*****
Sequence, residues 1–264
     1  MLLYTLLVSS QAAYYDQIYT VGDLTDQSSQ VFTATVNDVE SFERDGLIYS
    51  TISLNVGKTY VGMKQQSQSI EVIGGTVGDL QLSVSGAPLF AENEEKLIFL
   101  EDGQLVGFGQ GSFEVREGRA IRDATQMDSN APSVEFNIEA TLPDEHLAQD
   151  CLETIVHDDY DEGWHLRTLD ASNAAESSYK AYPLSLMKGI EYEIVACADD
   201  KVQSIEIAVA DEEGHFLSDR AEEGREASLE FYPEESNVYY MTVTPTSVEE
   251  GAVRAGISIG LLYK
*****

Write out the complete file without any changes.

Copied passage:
Sequence, residues 1–264
     1  MLLYTLLVSS QAAYYDQIYT VGDLTDQSSQ VFTATVNDVE SFERDGLIYS
    51  TISLNVGKTY VGMKQQSQSI EVIGGTVGDL QLSVSGAPLF AENEEKLIFL
   101  EDGQLVGFGQ GSFEVREGRA IRDATQMDSN APSVEFNIEA TLPDEHLAQD
   151  CLETIVHDDY DEGWHLRTLD ASNAAESSYK AYPLSLMKGI EYEIVACADD
   201  KVQSIEIAVA DEEGHFLSDR AEEGREASLE FYPEESNVYY MTVTPTSVEE
   251  GAVRAGISIG LLYK